Executives are a different breed. Do you know how to speak their language? Think about what it would mean to your career, if you knew exactly what an executive was thinking.
Years ago, as I began my MBA program, I remember everyone introducing themselves as part of orientation. Part of the exercise was describing your last full-time job.
The answers, from around the room:
- “Professional engineer”
- “Analyst with Price Waterhouse”
- “Investment banker”
..and then it was my turn.
“Professional stuntman,” I said.
And, believe me, nothing says “Put Me In Charge” like show business – especially if it includes fake fights, explosions, and that sort of thing.
I wanted to get into an executive role. What kind of stunt was I trying to pull?
In my career, you could say that I have had some things that I have had to overcome. You could say that, and it would be an understatement.
More accurately, you might wonder if someone like me would ever have the potential to lead anything. I know I certainly did, and it made me work harder than ever to understand what was missing in my corporate career.
Yes, it’s true that my last job before I entered the MBA program was working as a professional stuntman. And it’s also true that I still do all of my own stunts.
In my career, I guess I’ve traded punches with the best of them. I’ve answered phones, delivered food, and done data entry work. I’ve also built and led teams on multiple continents, introduced innovative technology to some of the most advanced hotels in the world, redefined a company’s entire internet strategy, launched two businesses, and published a couple of books. My passion, today, is helping others to avoid some of the same mistakes I made on my journey.
My point, and I do have one, is that I have had to become a student of success, in order to accomplish anything more impressive than dodging a [fake] punch. In order to go from the green room to the board room, I had to understand the secrets of leadership – secrets that once seemed very foreign to me.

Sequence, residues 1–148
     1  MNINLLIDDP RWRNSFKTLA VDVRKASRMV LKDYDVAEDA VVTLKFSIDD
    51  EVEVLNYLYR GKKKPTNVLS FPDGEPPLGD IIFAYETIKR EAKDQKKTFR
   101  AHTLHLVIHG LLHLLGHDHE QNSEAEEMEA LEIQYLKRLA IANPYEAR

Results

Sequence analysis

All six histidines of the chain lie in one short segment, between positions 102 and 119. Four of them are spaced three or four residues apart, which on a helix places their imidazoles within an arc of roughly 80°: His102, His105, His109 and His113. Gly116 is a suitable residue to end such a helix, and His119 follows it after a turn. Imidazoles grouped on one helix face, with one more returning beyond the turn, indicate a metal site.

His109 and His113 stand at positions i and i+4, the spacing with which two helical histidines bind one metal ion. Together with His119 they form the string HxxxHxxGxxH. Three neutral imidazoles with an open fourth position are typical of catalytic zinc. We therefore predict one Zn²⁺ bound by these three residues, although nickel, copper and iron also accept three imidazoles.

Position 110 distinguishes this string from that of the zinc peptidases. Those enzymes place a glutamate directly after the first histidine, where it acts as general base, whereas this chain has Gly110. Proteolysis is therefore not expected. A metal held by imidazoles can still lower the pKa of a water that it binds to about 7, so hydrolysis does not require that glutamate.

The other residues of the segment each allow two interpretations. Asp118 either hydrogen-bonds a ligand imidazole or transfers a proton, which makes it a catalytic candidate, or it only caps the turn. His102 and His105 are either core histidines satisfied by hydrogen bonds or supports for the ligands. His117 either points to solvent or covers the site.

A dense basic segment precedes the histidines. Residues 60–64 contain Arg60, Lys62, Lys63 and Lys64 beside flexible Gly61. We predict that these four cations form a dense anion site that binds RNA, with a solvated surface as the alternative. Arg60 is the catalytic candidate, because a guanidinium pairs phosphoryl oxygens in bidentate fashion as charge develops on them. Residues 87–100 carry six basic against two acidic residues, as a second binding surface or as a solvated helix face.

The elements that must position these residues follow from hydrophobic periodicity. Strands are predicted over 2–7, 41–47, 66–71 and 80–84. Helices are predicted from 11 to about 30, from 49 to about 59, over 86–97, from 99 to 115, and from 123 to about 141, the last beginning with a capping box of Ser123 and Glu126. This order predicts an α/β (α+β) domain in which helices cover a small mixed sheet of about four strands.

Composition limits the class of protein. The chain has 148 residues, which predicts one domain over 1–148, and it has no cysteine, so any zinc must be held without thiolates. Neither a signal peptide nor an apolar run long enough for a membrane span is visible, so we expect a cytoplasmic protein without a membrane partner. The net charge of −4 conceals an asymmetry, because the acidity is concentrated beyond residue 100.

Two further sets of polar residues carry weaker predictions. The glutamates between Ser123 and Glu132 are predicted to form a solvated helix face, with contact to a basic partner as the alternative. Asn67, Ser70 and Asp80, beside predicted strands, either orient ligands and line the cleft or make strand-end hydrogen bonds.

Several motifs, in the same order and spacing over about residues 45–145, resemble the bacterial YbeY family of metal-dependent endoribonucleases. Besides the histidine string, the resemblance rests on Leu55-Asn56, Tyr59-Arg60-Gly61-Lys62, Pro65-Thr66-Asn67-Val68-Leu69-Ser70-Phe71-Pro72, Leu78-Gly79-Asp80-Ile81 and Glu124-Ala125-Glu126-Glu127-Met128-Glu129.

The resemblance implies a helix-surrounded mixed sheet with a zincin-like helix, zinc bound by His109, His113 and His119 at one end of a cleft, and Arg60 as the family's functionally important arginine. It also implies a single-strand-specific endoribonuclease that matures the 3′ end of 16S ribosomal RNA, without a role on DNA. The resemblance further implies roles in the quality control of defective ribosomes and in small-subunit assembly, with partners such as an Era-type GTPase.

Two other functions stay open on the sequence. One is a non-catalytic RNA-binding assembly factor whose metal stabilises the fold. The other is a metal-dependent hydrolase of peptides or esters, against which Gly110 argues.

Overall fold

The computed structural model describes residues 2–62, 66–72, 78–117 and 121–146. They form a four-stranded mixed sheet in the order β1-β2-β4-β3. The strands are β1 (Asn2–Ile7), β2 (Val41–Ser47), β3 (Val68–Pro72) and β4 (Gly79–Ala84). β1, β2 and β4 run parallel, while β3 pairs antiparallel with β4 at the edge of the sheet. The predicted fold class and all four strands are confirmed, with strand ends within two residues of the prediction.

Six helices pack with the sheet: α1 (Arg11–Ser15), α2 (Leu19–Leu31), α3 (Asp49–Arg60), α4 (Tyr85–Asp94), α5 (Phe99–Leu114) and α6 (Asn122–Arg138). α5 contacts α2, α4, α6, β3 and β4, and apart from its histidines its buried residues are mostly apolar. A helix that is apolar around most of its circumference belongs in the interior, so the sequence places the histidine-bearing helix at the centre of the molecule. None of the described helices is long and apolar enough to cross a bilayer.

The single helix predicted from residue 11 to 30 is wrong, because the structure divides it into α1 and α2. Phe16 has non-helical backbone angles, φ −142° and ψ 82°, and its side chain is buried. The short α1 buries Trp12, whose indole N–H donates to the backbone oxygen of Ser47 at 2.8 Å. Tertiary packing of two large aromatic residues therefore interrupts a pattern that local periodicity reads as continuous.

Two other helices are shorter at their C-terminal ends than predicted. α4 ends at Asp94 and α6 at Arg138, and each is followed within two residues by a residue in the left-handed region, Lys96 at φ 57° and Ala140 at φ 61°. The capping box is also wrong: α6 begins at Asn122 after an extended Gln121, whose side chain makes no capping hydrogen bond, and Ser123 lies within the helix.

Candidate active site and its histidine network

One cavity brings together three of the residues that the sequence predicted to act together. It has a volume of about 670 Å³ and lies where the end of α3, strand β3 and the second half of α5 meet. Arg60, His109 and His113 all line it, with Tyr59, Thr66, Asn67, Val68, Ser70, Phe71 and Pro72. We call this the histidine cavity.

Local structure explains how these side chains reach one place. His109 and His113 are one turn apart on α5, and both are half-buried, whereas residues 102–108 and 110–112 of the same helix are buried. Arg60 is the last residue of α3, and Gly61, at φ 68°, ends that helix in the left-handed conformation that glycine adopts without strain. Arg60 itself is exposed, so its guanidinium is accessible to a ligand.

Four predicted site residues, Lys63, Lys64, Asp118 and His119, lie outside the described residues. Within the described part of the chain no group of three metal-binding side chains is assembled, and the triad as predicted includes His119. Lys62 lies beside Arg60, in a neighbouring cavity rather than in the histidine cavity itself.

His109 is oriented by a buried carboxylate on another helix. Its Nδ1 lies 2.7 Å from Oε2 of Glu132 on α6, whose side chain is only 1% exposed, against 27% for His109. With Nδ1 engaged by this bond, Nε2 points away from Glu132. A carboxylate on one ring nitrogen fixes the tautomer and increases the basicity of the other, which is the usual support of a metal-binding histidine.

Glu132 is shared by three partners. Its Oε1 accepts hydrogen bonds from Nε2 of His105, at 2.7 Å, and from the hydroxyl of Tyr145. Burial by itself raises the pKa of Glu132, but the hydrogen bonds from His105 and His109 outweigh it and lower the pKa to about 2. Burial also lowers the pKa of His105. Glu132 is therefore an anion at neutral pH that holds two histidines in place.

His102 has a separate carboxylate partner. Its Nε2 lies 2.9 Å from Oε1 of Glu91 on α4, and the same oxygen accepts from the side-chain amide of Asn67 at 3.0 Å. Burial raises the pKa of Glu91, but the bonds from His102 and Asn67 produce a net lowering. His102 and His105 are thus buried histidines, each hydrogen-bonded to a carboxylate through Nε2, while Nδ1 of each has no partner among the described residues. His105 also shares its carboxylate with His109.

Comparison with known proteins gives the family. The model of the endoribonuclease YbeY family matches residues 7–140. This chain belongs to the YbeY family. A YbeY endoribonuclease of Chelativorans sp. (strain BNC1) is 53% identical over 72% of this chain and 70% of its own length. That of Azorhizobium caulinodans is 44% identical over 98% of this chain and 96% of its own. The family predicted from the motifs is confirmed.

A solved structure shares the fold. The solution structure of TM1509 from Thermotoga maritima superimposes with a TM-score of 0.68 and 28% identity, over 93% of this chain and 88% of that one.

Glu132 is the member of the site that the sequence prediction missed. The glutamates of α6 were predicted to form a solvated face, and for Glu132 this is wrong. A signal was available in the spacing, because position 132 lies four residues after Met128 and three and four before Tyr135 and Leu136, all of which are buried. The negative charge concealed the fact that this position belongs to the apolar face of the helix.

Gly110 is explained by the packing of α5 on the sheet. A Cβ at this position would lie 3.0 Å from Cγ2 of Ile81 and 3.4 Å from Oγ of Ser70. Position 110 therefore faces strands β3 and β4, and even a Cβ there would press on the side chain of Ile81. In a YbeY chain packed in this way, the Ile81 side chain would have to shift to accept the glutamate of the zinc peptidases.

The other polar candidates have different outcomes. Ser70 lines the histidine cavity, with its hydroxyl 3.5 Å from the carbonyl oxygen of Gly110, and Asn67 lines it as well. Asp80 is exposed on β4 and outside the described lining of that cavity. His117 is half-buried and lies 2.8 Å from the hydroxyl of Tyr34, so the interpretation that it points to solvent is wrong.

Hopefully, your path is not as strange and challenging as mine. But, because of my unusual circumstances, I have an unusual perspective. And for your consideration: that unusual perspective has created some unusual results.[box type=”shadow”]
If you aspire to be a true executive leader, consider the following two questions that really define the essence of executive leadership.[/box]
Understanding these questions will help you to tailor your remarks to create an effective conversation – and to handle the questions that may come up, based on your proposal, plan or idea.
At a deep-seated level, these ideas drive every executive conversation, when business decisions are at stake:
- How much does it cost?
- How much does it make?
Once I understood where an executive stood, I could craft my remarks and adjust my emotions accordingly. As a result, I moved my career from near-janitorial levels to the top floor. There’s probably an elevator reference that I’m missing right there, but if you are a regular reader of my stuff you probably don’t miss it at all.
Based on my experience, connecting with an executive leader requires a cohesive and brief answer to the following three questions:
- Why You?
- Why this?
- Why now?
Consider carefully these three existential questions. If you wish to propose, persuade or plan for an executive, it’s critical that you speak the language of leadership.
Start with what your audience – your executive – is thinking: How much does it cost and how much does it make?
And phrase your answer in terms that can be easily understood, based on the three questions above. Leaders don’t have super-powers; in fact, the way that individuals handle complex processes and decisions is based on simplifying the elements that make up those decisions. Learn to filter your suggestions, based on where your audience is, right now, and your message has a much greater chance for success.